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Posts Tagged ‘Kurt Kansley’

It’s 21 weeks since I attended a cultural event. Normally it would have been between 60 and 80 in that timespan. I queued, socially distanced of course, for a very short while. My temperature was taken and hand gel dispensed. I was led to a table where, after orderly ordering at the bar, my drink was brought to me. I scanned the QR code and registered for track & trace. Then I was led to my seat in the garden with another splash of sanitiser on the way. It was all done in a very professional, unhurried, slick way, so gold stars to the Garden Theatre at the Eagle Vauxhall for this, and for being the first off the mark on the London fringe.

Fanny and Stella were the alter egos for two men – Ernest Boulton & Frederick William Park – in Victorian London, who flouted the law by performing dressed as women, and staying in drag beyond that. Ernest had a ‘sugar daddy’, a peer no less, who treats him and refers to him as his wife, but Ernest also has a boyfriend in Edinburgh and has a dalliance with the American Consul based there. They finally overstepped the mark and after a period on remand in prison were somehow acquitted, perhaps because Frederick’s father was a judge!

The book and lyrics by Glenn Chandler, the creator of Taggart, one of Britain’s longest running police dramas, are witty and cheeky, littered with double entendres and, with Charles Miller’s chirpy score, create a music hall style which suits both the story and the venue. They’ve worked wonders with a few red curtains and potted plants to create a lovely garden theatre and David Shields design and costumes are a delight. MD Aaron Clingham, with his branded Fanny & Stella facemask, plays the score gamely on piano. Steven Dexter’s direction and Nick Winston’s musical staging are fresh and sprightly. Despite the lightness of the treatment, the serious side of the story isn’t lost.

Jed Berry and Kane Verrall are terrific as as Ernest / Stella and Frederic / Fanny, with excellent audience engagement. Kurt Kansley as Lord Arthur Clinton, Alex Lodge as friend Louis Charles Hurt and Joaquin Pedro Valdes as the American Consul provide great support, with Mark Pearce often stealing the show in a number of small roles, all delivered playfully.

I suppose you could think a theatre lover would fall for just about anything after a 21 week famine, but I can honestly say it was great fun, and an absolute tonic.

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Has a musical’s title ever misrepresented its content as much as this? You’d be forgiven for expecting an evening of chirpy minstrels and plinky plonk music, but what you get is an ambitious epic piece of American social history set at the beginning of the 20th century – even more ambitious if you decide to stage it at the tiny Landor! But ambition often pays off, as it does here.

Based on E L Doctorow’s book, Terence McNally, Stephen Flaherty & Lynn Ahrens have linked the stories of a Latvian Jewish immigrant, a black musician who is the subject of  racist attacks (somewhat ironically by Irish Americans!)  and a white upper middle class New England family. We see how a new immigrant can pursue the American dream and end up a successful Hollywood director, the black community’s uphill struggle for respect in this same society and how a liberal white family lives within extraordinary social upheaval. We also get real people in this cocktail – Henry Ford, J P Morgan (if only he knew what his legacy would become), Houdini and Emma Goldman!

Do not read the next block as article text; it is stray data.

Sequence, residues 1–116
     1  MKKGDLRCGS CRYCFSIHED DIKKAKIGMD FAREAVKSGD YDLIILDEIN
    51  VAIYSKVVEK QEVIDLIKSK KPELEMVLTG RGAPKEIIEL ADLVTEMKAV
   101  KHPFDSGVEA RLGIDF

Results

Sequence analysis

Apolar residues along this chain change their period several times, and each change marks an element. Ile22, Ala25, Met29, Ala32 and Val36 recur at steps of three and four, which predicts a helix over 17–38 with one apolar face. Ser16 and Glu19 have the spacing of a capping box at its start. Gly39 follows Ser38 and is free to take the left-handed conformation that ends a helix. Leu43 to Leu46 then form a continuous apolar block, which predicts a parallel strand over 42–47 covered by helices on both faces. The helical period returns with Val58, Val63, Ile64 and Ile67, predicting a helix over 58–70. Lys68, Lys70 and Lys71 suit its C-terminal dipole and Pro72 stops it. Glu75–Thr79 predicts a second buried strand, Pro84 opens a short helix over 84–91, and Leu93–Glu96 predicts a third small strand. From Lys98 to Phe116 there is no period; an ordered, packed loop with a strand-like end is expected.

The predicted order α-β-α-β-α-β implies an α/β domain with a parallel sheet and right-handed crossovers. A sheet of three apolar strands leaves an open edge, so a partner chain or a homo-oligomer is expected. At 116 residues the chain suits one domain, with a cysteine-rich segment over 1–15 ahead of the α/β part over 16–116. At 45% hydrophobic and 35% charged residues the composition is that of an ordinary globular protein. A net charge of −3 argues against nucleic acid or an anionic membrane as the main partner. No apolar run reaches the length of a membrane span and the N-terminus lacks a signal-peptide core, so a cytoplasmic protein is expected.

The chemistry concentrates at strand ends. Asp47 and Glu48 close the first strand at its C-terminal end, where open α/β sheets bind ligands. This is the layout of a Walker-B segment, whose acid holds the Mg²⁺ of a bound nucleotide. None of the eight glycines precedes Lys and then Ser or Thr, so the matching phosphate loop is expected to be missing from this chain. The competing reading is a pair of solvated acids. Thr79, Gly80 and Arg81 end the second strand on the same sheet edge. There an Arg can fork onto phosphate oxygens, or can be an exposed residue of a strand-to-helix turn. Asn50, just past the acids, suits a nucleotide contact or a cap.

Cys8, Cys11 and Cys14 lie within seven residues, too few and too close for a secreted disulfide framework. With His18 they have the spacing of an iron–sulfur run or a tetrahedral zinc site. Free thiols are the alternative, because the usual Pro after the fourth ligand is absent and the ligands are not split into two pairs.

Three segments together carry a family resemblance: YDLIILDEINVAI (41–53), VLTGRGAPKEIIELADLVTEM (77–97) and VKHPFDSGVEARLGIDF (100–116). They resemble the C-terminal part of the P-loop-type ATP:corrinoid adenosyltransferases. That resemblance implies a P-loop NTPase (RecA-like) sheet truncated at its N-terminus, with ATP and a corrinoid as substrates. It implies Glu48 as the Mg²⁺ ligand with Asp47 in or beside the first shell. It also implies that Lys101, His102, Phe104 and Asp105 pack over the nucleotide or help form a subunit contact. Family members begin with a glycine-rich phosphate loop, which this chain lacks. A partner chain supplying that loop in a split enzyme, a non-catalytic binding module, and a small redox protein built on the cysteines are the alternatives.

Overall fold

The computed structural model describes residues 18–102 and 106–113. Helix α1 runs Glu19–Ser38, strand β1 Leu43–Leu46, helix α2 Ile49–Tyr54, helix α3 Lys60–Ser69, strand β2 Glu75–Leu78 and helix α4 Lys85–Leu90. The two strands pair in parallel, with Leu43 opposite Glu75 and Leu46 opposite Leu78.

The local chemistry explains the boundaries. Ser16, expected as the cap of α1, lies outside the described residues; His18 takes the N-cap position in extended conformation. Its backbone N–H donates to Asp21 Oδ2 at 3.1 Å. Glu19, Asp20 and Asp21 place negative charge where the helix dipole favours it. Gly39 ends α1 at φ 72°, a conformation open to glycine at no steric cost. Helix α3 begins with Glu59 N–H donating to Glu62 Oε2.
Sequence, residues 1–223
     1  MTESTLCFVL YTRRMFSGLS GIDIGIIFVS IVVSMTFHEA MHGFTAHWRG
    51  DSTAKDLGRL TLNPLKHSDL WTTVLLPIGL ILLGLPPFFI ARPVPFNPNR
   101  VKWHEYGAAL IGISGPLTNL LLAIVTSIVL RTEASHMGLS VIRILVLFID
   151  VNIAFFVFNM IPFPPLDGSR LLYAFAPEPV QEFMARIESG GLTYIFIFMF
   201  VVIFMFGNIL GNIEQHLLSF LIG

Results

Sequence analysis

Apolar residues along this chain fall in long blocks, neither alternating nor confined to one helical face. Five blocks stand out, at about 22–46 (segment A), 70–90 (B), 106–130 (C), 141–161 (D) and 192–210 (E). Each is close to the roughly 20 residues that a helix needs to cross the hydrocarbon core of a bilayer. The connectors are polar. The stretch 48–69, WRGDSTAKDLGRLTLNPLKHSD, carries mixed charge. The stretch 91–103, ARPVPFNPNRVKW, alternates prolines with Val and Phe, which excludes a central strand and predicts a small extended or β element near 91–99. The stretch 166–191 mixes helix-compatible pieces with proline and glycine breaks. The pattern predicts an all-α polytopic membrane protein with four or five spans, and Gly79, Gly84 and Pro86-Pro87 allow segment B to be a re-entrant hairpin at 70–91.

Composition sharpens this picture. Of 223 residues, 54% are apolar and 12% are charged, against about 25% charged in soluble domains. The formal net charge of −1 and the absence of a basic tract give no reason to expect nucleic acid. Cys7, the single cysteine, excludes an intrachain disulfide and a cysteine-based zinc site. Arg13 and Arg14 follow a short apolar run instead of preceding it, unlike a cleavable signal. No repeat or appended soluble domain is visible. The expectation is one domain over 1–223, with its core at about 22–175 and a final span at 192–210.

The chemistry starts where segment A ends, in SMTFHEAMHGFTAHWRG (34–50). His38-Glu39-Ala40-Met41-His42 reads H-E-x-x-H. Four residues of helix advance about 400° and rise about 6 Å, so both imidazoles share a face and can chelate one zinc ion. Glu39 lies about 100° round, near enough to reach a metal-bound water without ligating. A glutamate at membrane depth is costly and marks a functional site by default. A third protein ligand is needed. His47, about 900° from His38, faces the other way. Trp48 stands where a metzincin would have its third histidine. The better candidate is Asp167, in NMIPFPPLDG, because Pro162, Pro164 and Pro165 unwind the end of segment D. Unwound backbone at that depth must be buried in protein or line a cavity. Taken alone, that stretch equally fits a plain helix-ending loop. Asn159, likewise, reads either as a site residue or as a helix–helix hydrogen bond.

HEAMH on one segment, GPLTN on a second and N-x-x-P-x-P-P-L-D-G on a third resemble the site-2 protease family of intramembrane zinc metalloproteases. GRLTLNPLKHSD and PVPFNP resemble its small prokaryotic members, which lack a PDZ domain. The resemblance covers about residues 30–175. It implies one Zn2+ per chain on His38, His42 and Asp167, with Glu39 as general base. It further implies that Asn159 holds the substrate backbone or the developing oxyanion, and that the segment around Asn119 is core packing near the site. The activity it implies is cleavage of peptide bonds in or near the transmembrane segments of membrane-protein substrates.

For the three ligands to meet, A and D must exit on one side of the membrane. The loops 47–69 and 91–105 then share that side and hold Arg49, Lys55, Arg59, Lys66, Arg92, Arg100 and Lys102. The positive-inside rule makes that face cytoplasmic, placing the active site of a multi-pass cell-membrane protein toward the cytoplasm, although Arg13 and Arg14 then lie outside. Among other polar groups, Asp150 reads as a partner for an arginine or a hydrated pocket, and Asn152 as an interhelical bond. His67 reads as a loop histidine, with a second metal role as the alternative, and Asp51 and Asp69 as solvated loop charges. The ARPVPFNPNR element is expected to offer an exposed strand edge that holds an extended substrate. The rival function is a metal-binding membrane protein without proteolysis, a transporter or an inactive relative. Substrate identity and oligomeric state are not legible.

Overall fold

The weaving of these stories is seemless and the tiny space has the effect of increasing the intensity and heightening your emotional involvement with these people’s experiences. It’s helped by a very rousing score, with appropriate period ragtime themes running through, which conveys  passion better than any words alone. Though on occasion the story seems a little contrived, you can’t help but get caught up in the events as they unfold.

Robert McWhir has done a terrific job of staging this here, helped by excellent choreography by Matthew Gould and a clever design from Martin Thomas which maximizes the space for the cast of 23 whilst still signposting the many locations the show takes us to (sometimes using the silhouettes our Latvian immigrant is famous for). George Dyer leads a superb five-piece band and I was delighted the Landor bucked the fringe musical amplification trend because it really didn’t need it.

It’s an excellent ensemble, with stand-out performances from Kurt Kansley and Rosalind James as black couple Coalhouse and Sarah at the centre of the story (Kansley also playing a pretty mean piano!). I also very much liked Louisa Lydell’s mother and David McMullen as her passionately political son. Their committment of the whole cast to telling this story sweeps you away.

This show only had a three-month run in the West End in 2003 (in costume but ‘without decor’ if I remember correctly) but it got 8 Olivier nominations and won one for Maria Friedman. Flaherty and Ahrens have other under-rated musicals waiting for a revival (My Favourite Year please!).

We’re still only three-quarters of the way through 2011, but it’s clearly going to be a vintage year for fringe musicals (this is my 18th!). We’ve had another gem here with The Hired Man just last month, Company & Parade at Southwark Playhouse. Road Show at the Menier, Roar of the Greasepaint at the Finborough, The Kissing Dance at Jermyn Street, A Slice of Saturday Night Upstairs at the Gatehouse, Girlfriends in Walthamstow, Salad Days at the Riverside Studios and On the 20th Century, Fings Aint Wot They Used To Be AND Dames at Sea at the Union. Forget the West End, London’s fringe is buzzing with talent. Another gold star to the Landor; up there with the best of them.

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